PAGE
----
New Zealand Law Society - The firm that represents unions — and employers

The firm that represents unions — and employers

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Paul McBride
Paul McBride

So where do those unions without in-house counsel go for legal assistance? Among the small group of firms that represent unions is Wellington-based McBride Davenport James. They also represent a range of employers, but not both sides at the same time naturally.

Partner Paul McBride, who has for many years appeared in the Employment Relations Authority, Employment Court and senior courts, says the firm’s six-member employment team currently represent four trade unions in the transport sector and also other unions in other sectors.

“In the transport sector we have some long-standing – by which I mean 15 or 20-year relationships – with some unions. They are unions that largely don’t have in-house lawyers and effectively we take on the role of providing their legal advice and legal representation,” he says.

“One of the unions we act extensively for does have an in-house lawyer but for various reasons they instruct us to do the litigation work for them and to deal with other things in employment, health and safety and other areas that we specialise in.”

A recent ongoing dispute has been at the Lyttlelton Port where members of transport unions went on strike over pay and safety.

“There’s been extensive industrial action involving the Lyttleton Port Company over the last few years involving strikes and pickets and we have been heavily involved in a series of court actions for a number of unions arising from that dispute.”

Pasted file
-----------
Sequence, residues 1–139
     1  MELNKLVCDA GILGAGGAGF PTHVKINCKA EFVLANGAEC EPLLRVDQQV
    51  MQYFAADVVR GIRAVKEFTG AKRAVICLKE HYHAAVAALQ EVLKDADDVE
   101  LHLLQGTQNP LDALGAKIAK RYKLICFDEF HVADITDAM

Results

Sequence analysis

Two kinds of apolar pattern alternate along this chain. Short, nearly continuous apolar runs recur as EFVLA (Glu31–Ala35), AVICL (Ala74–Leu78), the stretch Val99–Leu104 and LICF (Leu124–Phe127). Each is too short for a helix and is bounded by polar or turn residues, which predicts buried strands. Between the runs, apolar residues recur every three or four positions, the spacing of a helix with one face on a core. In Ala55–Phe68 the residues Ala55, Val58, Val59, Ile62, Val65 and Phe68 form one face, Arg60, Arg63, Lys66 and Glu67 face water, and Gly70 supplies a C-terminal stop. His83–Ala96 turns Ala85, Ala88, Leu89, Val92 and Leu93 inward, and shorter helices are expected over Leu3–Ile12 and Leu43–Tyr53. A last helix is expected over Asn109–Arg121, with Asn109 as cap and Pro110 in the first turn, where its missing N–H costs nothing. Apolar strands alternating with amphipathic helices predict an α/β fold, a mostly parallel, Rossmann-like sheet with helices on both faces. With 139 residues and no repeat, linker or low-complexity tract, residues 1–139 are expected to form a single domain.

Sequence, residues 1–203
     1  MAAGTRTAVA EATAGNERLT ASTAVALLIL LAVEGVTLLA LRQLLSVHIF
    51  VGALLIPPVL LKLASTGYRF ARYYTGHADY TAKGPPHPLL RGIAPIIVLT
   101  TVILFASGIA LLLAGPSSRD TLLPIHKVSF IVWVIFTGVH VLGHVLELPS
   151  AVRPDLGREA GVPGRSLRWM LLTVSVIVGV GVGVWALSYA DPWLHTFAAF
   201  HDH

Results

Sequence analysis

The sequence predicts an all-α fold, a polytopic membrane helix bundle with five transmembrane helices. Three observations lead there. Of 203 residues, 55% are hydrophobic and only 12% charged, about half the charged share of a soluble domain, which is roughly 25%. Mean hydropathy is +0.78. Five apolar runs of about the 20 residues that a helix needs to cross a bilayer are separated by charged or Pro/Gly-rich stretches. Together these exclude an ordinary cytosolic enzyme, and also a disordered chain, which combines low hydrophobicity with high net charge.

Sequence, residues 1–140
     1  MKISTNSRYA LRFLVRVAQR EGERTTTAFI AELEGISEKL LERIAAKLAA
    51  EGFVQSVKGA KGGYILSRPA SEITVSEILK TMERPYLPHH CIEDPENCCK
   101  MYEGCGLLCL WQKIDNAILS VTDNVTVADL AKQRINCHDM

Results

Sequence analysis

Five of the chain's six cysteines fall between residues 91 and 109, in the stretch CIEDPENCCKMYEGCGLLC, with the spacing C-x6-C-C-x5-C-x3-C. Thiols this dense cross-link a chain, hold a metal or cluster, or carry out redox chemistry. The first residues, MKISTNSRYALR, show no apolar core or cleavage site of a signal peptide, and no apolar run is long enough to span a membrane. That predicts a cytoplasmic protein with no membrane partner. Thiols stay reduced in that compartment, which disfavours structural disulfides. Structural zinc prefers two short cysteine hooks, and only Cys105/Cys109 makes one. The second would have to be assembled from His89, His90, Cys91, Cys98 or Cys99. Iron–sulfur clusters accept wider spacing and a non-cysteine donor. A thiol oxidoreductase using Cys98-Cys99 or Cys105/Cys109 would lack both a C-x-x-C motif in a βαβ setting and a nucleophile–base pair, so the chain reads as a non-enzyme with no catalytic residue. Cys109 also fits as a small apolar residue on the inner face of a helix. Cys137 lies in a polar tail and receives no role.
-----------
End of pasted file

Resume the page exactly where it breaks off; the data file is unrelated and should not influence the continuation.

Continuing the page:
Mr McBride says the firm appreciates that unions don’t have a great deal of money to spend on legal fees, so they tend to come to arrangements that accommodate their financial vulnerability.

“One of the things that unions look for, in my experience, is cost effective service. We look at a range of factors including ongoing relationships, familiarity with the general issues and context, the interesting variety of work, volume of work and other factors that temper fees we could otherwise charge.”

Mr McBride says the firm ensures there is no conflict of interest as it also represents employers, and individual workers.

“That work is generally in sectors where we don’t represent unions, so at one level it enables us to bring a balanced approach to the advice we give both to our employer clients and our union clients because it means we know which buttons can be pushed on both sides.

“We can take a far more critical approach to advising each of unions and employers: no beating around the bush and no posturing and stuff like that because we have seen all of that before. It’s best just to get down and look at all the real issues and look at what the pragmatic solutions to those might be. Because, when you’re working for employers who have ongoing relationships with unions, or vice versa, the dynamics include that neither party is going to disappear anytime soon. So even if they don’t like each other they have to work together, to a greater or lesser extent.”

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